Jessica Kiang
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For 111 reviews, this critic has graded:
  • 54% higher than the average critic
  • 3% same as the average critic
  • 43% lower than the average critic
On average, this critic grades 10.1 points higher than other critics. (0-100 point scale)

Jessica Kiang's Scores

  • Movies
  • TV
Average review score: 70
Highest review score: 100 Mommy
Lowest review score: 25 A Long Way Down
Score distribution:
  1. Positive: 74 out of 111
  2. Negative: 6 out of 111
111 movie reviews
    • 30 Metascore
    • 50 Jessica Kiang
    Bloodless, far too genteel, and perfectly content to continually tell where a little showing would be nice; Night Train to Lisbon ends up a deeply unadventurous adventure story.
    • 51 Metascore
    • 50 Jessica Kiang
    It’s a competent, unobjectionable history lesson but Cesar Chavez’ legacy needs a more inspired and inspiring telling if it's to get the exposure this crusading figure deserves.
    • 87 Metascore
    • 50 Jessica Kiang
    The overwriting of every single discussion smacks less of realistic debate than of a writer/director in the throes of a fit of didacticism who simply never trusts his audience to get his meaning without it being iterated and reiterated to the point of white noise.
    • 78 Metascore
    • 50 Jessica Kiang
    At best a handful of transitory pleasures, Sils Maria threads through the peaks and valleys of weighty, interesting topics, but makes no lasting impression on them.
    • 60 Metascore
    • 50 Jessica Kiang
    It’s a twee and tweedy period “Footloose,” into which Loach’s trademark left wing sympathies are not so much woven as photocopied and stapled onto alternate pages of the script.
    • 69 Metascore
    • 50 Jessica Kiang
    It’s a heartfelt and undoubtedly well-meaning film, attempting a character study of a woman of an age and lifestyle that makes her an unusual and therefore unusually worthy subject. But Angelique’s overriding characteristic is that she is incapable of fundamental change which makes her at best a frustrating protagonist for this drama.
    • 72 Metascore
    • 50 Jessica Kiang
    There is beauty here, and exquisite craft in both the pictures and the minutely designed soundscape, and there are some truly chewy ideas thrown up about the porosity of the boundary between public and private that would have lent terrific, atmospheric texture to a film... But there is little connection to the characters.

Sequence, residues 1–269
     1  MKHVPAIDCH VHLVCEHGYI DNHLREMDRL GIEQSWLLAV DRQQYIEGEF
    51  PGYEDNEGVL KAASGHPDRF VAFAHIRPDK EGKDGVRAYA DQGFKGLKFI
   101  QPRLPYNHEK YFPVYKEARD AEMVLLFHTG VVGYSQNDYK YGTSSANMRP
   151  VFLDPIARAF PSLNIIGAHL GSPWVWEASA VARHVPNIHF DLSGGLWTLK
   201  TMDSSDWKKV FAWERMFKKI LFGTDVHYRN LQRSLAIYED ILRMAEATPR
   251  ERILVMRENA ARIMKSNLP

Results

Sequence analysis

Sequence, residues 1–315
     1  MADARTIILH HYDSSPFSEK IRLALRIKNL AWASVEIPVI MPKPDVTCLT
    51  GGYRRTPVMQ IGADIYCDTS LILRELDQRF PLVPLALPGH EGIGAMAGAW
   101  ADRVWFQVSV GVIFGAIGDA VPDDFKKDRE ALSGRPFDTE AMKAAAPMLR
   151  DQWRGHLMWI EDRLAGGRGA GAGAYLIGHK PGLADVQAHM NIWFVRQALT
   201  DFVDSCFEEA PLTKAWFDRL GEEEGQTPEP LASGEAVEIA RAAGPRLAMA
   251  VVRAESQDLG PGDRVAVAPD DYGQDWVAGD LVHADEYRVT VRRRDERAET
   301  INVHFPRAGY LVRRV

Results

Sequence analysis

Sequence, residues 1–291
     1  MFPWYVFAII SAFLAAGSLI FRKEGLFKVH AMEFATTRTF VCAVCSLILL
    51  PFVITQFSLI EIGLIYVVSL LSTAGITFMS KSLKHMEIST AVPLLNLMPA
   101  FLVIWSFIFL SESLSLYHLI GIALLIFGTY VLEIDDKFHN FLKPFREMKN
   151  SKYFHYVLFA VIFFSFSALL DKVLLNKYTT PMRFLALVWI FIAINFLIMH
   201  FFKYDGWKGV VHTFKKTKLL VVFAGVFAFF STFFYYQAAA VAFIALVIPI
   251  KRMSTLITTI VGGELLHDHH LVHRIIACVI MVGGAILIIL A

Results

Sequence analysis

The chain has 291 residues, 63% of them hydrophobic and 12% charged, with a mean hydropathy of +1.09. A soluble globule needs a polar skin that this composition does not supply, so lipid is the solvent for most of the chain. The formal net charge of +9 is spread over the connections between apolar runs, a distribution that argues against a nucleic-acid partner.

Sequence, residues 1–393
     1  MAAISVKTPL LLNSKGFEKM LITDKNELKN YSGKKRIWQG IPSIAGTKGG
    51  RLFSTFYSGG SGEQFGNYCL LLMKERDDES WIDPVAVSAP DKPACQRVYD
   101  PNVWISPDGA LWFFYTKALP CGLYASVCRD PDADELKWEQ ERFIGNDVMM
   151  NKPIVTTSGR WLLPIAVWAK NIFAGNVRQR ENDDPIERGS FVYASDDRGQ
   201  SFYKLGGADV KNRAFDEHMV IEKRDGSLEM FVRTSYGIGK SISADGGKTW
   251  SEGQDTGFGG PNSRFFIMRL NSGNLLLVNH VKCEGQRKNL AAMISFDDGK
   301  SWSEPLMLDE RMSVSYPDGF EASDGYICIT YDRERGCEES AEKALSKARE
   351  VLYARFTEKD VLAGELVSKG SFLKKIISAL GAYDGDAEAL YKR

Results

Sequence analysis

• 54 Metascore
    • 50 Jessica Kiang
    Jackie & Ryan is supposedly all about learning how to git where ya gotta go, but none of the characters start or end in particularly interesting places.
    • 51 Metascore
    • 42 Jessica Kiang
    It’s handsome, stately and deathly dull.
    • 51 Metascore
    • 42 Jessica Kiang
    Over the twenty-odd years the film covers, Saint Laurent is scene-by-scene depicted as a genius, a manic-depressive, a polyamorist, a drug taker, a mercurial friend, a partier and a terribly, terribly sensitive soul. He undoubtedly was all of these things and more, it's just a pity he doesn't also come across as a person.
    • 58 Metascore
    • 42 Jessica Kiang
    A missed opportunity that squanders the talents of a pretty stacked cast and jeopardizes the audience’s patience and care for its spoiled characters for too long.
    • 43 Metascore
    • 42 Jessica Kiang
    The story is bloated and episodic (the film's 2h 18m length doesn't help the pacing), and remarkably unengaging for what should be emotionally epic.
    • 57 Metascore
    • 42 Jessica Kiang
    A film which for the most part is enervatingly classic in format: stately, reverential despite the conflicting accounts the various narrators give of Hong's motivations, and often quite dull, despite its focus not on her work or talent but on the more salacious and controversial aspects of her personal life.
    • 44 Metascore
    • 42 Jessica Kiang
    The inescapably precious Still Life doesn’t deal in anything as truthful, complex and difficult as empathy; its only currency is pity, and that is the basest coin of all.
    • 28 Metascore
    • 33 Jessica Kiang
    It only ever connects in the small moments that fall through the cracks of the supposed formal and thematic experimentation—when the fine actors are allowed to walk and talk like real human beings, rather than a collection of tropes.
    • 39 Metascore
    • 33 Jessica Kiang
    Michael Almereyda’s Cymbeline works best as a cautionary tale concerning the dangers of of believing that everything written by The Bard is “timeless.”
    • 49 Metascore
    • 25 Jessica Kiang
    Strangely old-fashioned in its construction and requiring a Golden Gate-level feat of engineering to achieve the suspension of disbelief necessary to unironically enjoy it.
    • 34 Metascore
    • 25 Jessica Kiang
    The film is awful, but it is not unwatchable.
    • 24 Metascore
    • 25 Jessica Kiang
    The choking pictorialism of the sets and CG backgrounds, coupled with the barely-there performances, contribute to an inescapable sense of lifelessness and sterility.
    • 36 Metascore
    • 25 Jessica Kiang
    Retreading "Prisoners" territory to an extent that at times makes you wonder if they’re two parts of some sort of Canadian auteur experiment that no one else is in on, what is lost in the transfer, however, is any of the Villeneuve film’s subtlety or shading, and we are left only with its most lurid, credulity-stretching highlights, with all other textures blasted out to snowy blankness.

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